Editorial Views  |   September 2018
Gone Fishing…
Author Notes
  • From the Department of Anesthesiology and Critical Care, University of Pennsylvania Perelman School of Medicine, Philadelphia, Pennsylvania.
  • Corresponding article on page 459.
    Corresponding article on page 459.×
  • Accepted for publication May 17, 2018.
    Accepted for publication May 17, 2018.×
  • Address correspondence to Dr. Eckenhoff: reckenho@pennmedicine.upenn.edu
Article Information
Editorial Views / Pharmacology
Editorial Views   |   September 2018
Gone Fishing…
Anesthesiology 9 2018, Vol.129, 392-393. doi:10.1097/ALN.0000000000002328
Anesthesiology 9 2018, Vol.129, 392-393. doi:10.1097/ALN.0000000000002328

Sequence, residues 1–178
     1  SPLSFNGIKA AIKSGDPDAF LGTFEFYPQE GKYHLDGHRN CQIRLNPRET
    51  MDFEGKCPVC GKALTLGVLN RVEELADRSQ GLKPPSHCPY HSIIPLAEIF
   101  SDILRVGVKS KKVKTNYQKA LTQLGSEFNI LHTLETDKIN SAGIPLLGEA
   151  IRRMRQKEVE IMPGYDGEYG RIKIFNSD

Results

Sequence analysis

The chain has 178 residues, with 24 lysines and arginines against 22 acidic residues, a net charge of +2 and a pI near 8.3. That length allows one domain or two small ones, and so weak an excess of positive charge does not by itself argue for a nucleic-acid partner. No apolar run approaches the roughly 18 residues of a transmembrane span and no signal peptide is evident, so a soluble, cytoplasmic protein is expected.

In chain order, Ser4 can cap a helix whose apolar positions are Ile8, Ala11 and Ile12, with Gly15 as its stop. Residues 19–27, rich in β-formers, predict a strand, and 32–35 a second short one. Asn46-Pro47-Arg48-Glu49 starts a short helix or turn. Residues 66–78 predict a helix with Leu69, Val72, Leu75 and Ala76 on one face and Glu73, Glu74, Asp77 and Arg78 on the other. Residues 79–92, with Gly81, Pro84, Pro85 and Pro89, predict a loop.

CURRENTLY used general anesthetics are almost invariably effective, but nagging side effects, both short (e.g., cardiac depression) and long (e.g., neurotoxicity) term, have reawakened the call for new drugs. After all, it has been almost 25 yr since the last inhalational anesthetic (sevoflurane) was introduced and almost 30 yr since the last IV drug (propofol) was released in the United States. There are two general approaches for discovering new drugs. The first is tweaking existing drugs to either enhance the desired effect, or to mitigate some undesired effect. For example, the principle side effect of etomidate was adrenocortical suppression, which was shown to be due to a very high affinity interaction with the 11-β hydroxylase enzyme. This was effectively mitigated by either changing the molecule to remove the interaction, or through addition of an autodestruct moiety (e.g., “softening” the molecule to provide for faster elimination).1,2  Interestingly, neither change to the etomidate molecule significantly diminished hypnotic activity, implying that the desired effect may actually be the pharmacologically less specific one. This also suggests that, while the molecular targets underlying side effects are sometimes known, or at least knowable, the desired effect targets remain enigmatic.